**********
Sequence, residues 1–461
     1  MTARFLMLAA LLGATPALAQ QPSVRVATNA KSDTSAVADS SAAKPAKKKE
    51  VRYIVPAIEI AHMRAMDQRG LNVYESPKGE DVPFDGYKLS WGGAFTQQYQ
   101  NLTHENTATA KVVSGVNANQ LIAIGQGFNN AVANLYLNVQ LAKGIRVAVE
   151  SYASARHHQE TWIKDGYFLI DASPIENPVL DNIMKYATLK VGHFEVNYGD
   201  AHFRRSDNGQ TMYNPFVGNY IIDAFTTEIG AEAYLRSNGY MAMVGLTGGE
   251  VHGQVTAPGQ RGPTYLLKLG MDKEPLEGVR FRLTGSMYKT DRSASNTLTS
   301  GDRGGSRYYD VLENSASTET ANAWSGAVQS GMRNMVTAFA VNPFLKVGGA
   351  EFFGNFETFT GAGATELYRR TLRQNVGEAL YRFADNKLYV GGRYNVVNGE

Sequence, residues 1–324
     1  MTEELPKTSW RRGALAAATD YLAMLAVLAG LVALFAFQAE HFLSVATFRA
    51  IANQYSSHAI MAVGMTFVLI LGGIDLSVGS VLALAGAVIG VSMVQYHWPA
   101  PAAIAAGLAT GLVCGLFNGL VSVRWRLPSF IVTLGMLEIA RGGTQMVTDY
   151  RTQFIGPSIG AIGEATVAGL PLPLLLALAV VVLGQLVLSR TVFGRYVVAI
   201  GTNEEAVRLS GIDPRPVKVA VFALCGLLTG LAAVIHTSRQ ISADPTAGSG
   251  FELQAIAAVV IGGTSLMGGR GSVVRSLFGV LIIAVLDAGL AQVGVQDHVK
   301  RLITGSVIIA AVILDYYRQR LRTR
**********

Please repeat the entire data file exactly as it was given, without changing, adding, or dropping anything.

Sequence, residues 1–461
     1  MTARFLMLAA LLGATPALAQ QPSVRVATNA KSDTSAVADS SAAKPAKKKE
    51  VRYIVPAIEI AHMRAMDQRG LNVYESPKGE DVPFDGYKLS WGGAFTQQYQ
   101  NLTHENTATA KVVSGVNANQ LIAIGQGFNN AVANLYLNVQ LAKGIRVAVE
   151  SYASARHHQE TWIKDGYFLI DASPIENPVL DNIMKYATLK VGHFEVNYGD
   201  AHFRRSDNGQ TMYNPFVGNY IIDAFTTEIG AEAYLRSNGY MAMVGLTGGE
   251  VHGQVTAPGQ RGPTYLLKLG MDKEPLEGVR FRLTGSMYKT DRSASNTLTS
   301  GDRGGSRYYD VLENSASTET ANAWSGAVQS GMRNMVTAFA VNPFLKVGGA
   351  EFFGNFETFT GAGATELYRR TLRQNVGEAL YRFADNKLYV GGRYNVVNGE

Sequence, residues 1–324
     1  MTEELPKTSW RRGALAAATD YLAMLAVLAG LVALFAFQAE HFLSVATFRA
    51  IANQYSSHAI MAVGMTFVLI LGGIDLSVGS VLALAGAVIG VSMVQYHWPA
   101  PAAIAAGLAT GLVCGLFNGL VSVRWRLPSF IVTLGMLEIA RGGTQMVTDY
   151  RTQFIGPSIG AIGEATVAGL PLPLLLALAV VVLGQLVLSR TVFGRYVVAI
   201  GTNEEAVRLS GIDPRPVKVA VFALCGLLTG LAAVIHTSRQ ISADPTAGSG
   251  FELQAIAAVV IGGTSLMGGR GSVVRSLFGV LIIAVLDAGL AQVGVQDHVK
   301  RLITGSVIIA AVILDYYRQR LRTR